Her general aim in these different Reviews and Alterations hath been, as she further declares in her said Preface. “ to do that which, according to her best understanding, might most tend to the preservation of peace and unity in the Church; the procuring of reverence, and the exciting of piety ard devotion in the worship of God; and, finally, the cutting off occasion, from them that seek occasion, of cavi! or quarrel against her Liturgy" And although, according to her judgment, there be not any thing in it contrary to the Word of God, or to sound doctrine, or which a godly man may not with a good conscience use and submit unto, or which is not fairly defensible, if allowed such just and favourable construction, as, in conmon equity, onght to be allowed to all human writings;" yet upon the principles already laid down, it cannot but be supposed, that further alteration would in time be found expedient Accordingly, a commission for a review was issued in the year 1689. But this great and good work miscarried at that time, and the Civil Authority has not since thought proper to revive it by any new Commission.
But when in the course of Divine Providence, these American States became inde. pendent with respect to Civil Government, their Ecclesiastical Independence was necessarily included ; and the different religious denominations of Christians in these States were left at full and equal liberty to model and organize their respective Churches, and forms of worship, and discipline, in such manner as they mighi judge most convenient for their future prosperity: consistently with the Constitution and Laws of their Country
The attention of this Church was, in the first place, drawn to those alterations in the Liturky which became necessary in the Prayers for our Civil Rulers, in conse Quence of the Revolution. And the principal care herein was to make them conformable to what ought to be the proper end of all such prayers, namely, that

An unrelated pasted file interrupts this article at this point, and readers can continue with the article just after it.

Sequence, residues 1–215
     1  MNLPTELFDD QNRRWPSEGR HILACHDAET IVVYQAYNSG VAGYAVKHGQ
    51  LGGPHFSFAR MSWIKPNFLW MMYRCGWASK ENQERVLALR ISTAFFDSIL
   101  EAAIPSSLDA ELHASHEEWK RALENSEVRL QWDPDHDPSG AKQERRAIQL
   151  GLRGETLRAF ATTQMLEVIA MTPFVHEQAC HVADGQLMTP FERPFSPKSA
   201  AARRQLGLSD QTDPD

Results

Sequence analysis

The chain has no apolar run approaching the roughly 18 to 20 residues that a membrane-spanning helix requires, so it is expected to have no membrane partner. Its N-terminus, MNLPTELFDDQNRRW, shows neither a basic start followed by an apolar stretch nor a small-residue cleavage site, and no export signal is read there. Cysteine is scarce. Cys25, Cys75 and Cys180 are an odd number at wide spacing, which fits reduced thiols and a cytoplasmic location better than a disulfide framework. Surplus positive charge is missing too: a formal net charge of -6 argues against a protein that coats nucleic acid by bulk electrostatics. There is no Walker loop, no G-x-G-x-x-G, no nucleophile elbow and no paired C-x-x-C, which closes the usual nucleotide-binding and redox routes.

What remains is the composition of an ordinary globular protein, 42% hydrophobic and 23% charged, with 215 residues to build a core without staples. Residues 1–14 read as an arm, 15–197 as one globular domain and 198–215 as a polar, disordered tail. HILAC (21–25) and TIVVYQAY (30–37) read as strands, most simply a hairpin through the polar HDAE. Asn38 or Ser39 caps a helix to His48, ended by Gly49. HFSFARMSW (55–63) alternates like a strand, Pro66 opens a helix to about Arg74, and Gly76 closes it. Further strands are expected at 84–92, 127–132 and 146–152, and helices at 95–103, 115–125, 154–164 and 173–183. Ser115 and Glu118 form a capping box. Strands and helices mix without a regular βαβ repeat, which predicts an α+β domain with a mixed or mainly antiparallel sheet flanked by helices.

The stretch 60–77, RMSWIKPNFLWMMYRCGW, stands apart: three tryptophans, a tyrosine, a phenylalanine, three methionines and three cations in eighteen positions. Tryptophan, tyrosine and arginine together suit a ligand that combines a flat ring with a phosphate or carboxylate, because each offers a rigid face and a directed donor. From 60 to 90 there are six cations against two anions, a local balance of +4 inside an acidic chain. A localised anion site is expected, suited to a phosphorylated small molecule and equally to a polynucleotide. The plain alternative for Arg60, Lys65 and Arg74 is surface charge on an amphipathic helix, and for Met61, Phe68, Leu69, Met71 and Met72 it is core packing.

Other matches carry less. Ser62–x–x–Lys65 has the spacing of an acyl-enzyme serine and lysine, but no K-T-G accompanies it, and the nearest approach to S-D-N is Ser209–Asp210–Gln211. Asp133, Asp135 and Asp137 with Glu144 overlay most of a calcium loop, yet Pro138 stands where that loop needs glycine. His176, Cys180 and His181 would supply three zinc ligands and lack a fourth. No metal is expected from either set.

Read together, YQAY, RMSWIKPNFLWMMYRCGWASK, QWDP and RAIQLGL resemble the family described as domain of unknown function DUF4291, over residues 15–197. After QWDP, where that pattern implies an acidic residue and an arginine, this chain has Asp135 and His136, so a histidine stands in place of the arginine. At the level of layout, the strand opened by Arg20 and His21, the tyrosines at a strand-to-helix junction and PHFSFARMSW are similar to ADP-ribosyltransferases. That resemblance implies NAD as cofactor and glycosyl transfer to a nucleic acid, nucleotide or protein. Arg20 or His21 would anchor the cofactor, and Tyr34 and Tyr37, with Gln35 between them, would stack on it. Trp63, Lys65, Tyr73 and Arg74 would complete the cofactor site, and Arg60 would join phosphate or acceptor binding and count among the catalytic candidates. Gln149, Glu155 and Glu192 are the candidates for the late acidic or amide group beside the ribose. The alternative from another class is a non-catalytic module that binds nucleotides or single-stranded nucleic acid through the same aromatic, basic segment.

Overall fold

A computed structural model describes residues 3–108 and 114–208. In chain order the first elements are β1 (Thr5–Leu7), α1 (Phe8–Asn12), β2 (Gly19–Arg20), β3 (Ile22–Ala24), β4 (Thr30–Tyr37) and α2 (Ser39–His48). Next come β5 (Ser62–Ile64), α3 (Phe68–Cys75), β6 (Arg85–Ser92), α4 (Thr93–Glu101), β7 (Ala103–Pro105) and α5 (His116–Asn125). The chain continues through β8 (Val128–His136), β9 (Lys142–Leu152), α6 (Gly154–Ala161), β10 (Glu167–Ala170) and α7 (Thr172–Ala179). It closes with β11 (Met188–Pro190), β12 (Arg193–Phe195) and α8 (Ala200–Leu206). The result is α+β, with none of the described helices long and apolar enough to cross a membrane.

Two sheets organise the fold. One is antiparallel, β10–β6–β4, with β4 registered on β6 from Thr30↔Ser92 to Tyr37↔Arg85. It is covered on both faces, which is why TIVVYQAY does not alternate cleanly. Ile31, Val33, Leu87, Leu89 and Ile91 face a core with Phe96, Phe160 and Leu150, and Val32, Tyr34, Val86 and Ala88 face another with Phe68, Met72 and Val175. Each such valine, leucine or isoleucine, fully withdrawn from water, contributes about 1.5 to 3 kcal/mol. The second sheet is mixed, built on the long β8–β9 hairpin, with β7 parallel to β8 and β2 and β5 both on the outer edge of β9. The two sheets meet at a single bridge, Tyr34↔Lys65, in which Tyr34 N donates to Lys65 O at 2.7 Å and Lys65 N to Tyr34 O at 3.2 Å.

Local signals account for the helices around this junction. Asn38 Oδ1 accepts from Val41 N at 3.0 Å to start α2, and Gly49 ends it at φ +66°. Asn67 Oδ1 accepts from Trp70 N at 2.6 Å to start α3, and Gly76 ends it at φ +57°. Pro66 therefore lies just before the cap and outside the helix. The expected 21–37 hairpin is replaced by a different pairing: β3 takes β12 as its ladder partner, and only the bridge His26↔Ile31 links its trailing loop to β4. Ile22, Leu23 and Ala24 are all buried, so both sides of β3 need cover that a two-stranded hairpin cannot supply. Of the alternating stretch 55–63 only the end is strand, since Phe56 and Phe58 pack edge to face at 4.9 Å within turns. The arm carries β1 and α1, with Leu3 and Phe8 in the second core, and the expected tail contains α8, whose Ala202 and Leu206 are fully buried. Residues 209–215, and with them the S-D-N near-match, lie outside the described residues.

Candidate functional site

Rulers may have grace, wisdom, and understanding to execute justice, and to maintain truth." and that the People may lead quiet and peacenble lives, in all godliness and honesty
But while these siterations were in review before the Convention, they could not but, with gratitude to God, embrace the happy occasion which was offered to them (uninfluenced and unrestrained by any worldly authority whatsoever) to take a fur ther review of the Public Service, and to establish such other alterations and amend. wents therein as might be deemed expedient,
It seems unnecessary to enumerate all the different alterations and amendments They will appear, and it is to be hoped, the reasons of them also, upou a compari son of this with the Book of Common Prayer of the Church of England. In whic it will also appear, that this Church is far from intending to depart from the Church of England in any essential point of doctrine, discipline, or worship : or further than local circumstances require.